Green hoping to put former hero Sheringham to the sword

Danny Green
Danny Green

Hatters winger Danny Green is hoping to get one over one his former heroes in Teddy Sheringham this afternoon.

The Luton midfielder is a self-confessed Manchester United fan and was cheering on as young boy when Sheringham, now Stevenage boss, scored in the Champions League Final 2-1 win over Bayern Munich in 1999.

“He was one of my heroes when he scored in the Champions League final goal against Bayern Munich.”

Danny Green

Green said: “I was an Essex boy from Manchester! But my dad was Manchester United and my granddad was Man United, so I grew up watching Becks (David Beckham) and (Paul) Scholes and the class of 92, that’s why I started playing football

“Teddy as well, he was one of my heroes when he scored in the Champions League final goal against Bayern Munich, so he’s got a bit of an aura when I go and see him.

“But hopefully I can stick another past him as it’s just a dog eat dog world, we’ll go there full of confidence and hopefully put them to the sword.”

Hatters boss John Still is also looking forward to locking horns with Sheringham, a manager he knows well off the pitch.

He added: “It’s funny as I’m quite friendly with Ted anyway and it’s the first time we’ll have been opposite each other in the dugout.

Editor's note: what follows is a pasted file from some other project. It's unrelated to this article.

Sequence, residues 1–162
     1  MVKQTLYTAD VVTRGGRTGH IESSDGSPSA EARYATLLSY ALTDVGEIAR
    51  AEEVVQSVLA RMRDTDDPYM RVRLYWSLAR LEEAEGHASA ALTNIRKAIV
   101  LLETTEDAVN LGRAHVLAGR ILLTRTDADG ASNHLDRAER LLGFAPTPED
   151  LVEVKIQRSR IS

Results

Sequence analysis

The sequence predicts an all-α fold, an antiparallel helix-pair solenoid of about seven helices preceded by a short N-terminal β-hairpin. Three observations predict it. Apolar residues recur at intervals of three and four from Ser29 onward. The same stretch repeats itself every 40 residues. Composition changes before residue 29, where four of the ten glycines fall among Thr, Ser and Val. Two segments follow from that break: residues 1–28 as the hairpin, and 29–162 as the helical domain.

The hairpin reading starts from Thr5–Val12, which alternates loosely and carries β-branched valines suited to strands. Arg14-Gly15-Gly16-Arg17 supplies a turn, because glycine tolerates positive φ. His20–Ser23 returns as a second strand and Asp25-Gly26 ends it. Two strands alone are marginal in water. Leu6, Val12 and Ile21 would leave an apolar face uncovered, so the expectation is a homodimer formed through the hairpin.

“Last time I was opposite him, I think we were having a bit of lunch together, so the conversation was a little bit different then.

“But like it is in this game, you come across so many people you’ve had professional relationships with and it’s great.

On taking the step into football management with today’s opponents for Luton, Still added: “I think Teddy was a brave appointment and a good appointment, and that’s just not because I know him. It’s someone who had a standing in the game who wanted to put across his ideas.

“I love to see people that haven’t been managers give it a go and hopefully make it a success as it’s difficult for young managers these days, really difficult.

“So it’s good to see him trying to find another career and you wish them all the best.

“But when you’re competing against people, the faces of the other managers and other teams are cold as I have no feeling towards it, I’m just there to do the best in the game and when it’s all over, normal service is resumed.

“I don’t really look too closely at what’s Ted doing, other than what he’s going to do Saturday. When I talk to him, I wish him all the best, but business is business and you want to win for yourself.

“I respect Ted giving it a go as he had a fantastic career as a player and who knows what he’ll do as a manager, but Saturday’s different.”